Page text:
Newburyport, the Birthplace of the US Coast Guard, home of the Customs House Nautical Museum and the Rear Range Light where one can have a romantic dinner at the top of the light tower (contact me for details). On a rainy Saturday afternoon we went on a shopping trawl and gallery crawl, sorting through the 13 various art stops on the city council’s artwalk promotional tour.
OK, I can recommend a wander in historic Newburyport as a great way to spend a day. Park in the municipal lot and pick up an information packet from the welcome center, then start with a breakfast in the locally loved “Angie’s” diner. There are a number of great restaurants for all tastes, and the galleries run the gamut from (as my wife describes) “Women’s Gifts” to a few professional galleries with solid international work and tiny studio/store fronts with earnest, hard working artists eager to discuss their art.
Rather than promote commercial establishments, let me just highlight a few key sightings: One of the professional galleries was featuring actual painting by Liz Gribon, who we have seen before in a gallery in Boston. Working in mixed media, Liz has a distinctive style and works primarily with figurative studies in strong designs and mutes colors. You can find her work on the web—I agree with the critics that promote her—the images are lasting and unique. A tiny shop behind the Tannery featured Encaustics and monotypes, the work mostly in small format and available as prints too—the artists in this shop were warm and inviting and their images were interesting abstracted landscapes and quirky little personal images. The rebirth of encaustic as a medium is fascinating—images can be made misty and “foggy” rather than murky as one gets with paint on paint techniques. This little store should not be missed.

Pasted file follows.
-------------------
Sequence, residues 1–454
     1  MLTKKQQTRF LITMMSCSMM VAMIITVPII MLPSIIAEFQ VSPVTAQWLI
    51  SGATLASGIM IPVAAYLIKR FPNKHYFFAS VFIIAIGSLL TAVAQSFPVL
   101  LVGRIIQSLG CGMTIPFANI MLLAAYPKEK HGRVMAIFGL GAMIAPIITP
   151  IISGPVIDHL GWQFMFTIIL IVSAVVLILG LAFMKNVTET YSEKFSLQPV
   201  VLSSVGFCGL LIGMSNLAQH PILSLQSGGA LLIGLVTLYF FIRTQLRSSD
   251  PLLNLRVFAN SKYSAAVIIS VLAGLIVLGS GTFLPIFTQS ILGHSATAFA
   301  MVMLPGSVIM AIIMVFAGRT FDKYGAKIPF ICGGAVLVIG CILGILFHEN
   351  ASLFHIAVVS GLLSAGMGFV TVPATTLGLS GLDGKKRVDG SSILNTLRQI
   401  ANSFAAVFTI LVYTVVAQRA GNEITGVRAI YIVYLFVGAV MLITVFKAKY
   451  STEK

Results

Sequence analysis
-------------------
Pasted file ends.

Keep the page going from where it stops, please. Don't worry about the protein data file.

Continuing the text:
Of course, bad art abounds in Newburyport as well; including the local coffee shop hanging glitter covered, patterned and “illuminated” canvases that were just a mess of gaudy color. It is interesting to me to find so many artists adopting the aboriginal Australian patterning as their basic style, but it doesn’t make the work any more viable and while I keep my opinions to myself, people close to me can tell when I am being disingenuous. Yes, I realize that some artist cherishes these works and my wife says I am being an “art snob,” but I would encourage them to study a bit more before showing…maybe that would be a good idea for a blog series, the art snob and his controversial pronouncements! :-)
The final stop on the Newburyport call is the Firehouse Gallery/Restaurant/Playhouse. It is a fabulous space and the artist currently showing was a photographer who works color flower portraits into double exposure “mandala” images, with their reference to religious iconography and Jung’s psychoanalytical theories. Wrap up the day along the quay side in the park, where the water and the lighthouses and the old brick buildings make a picturesque backdrop to the boats, wharfs and setting sun.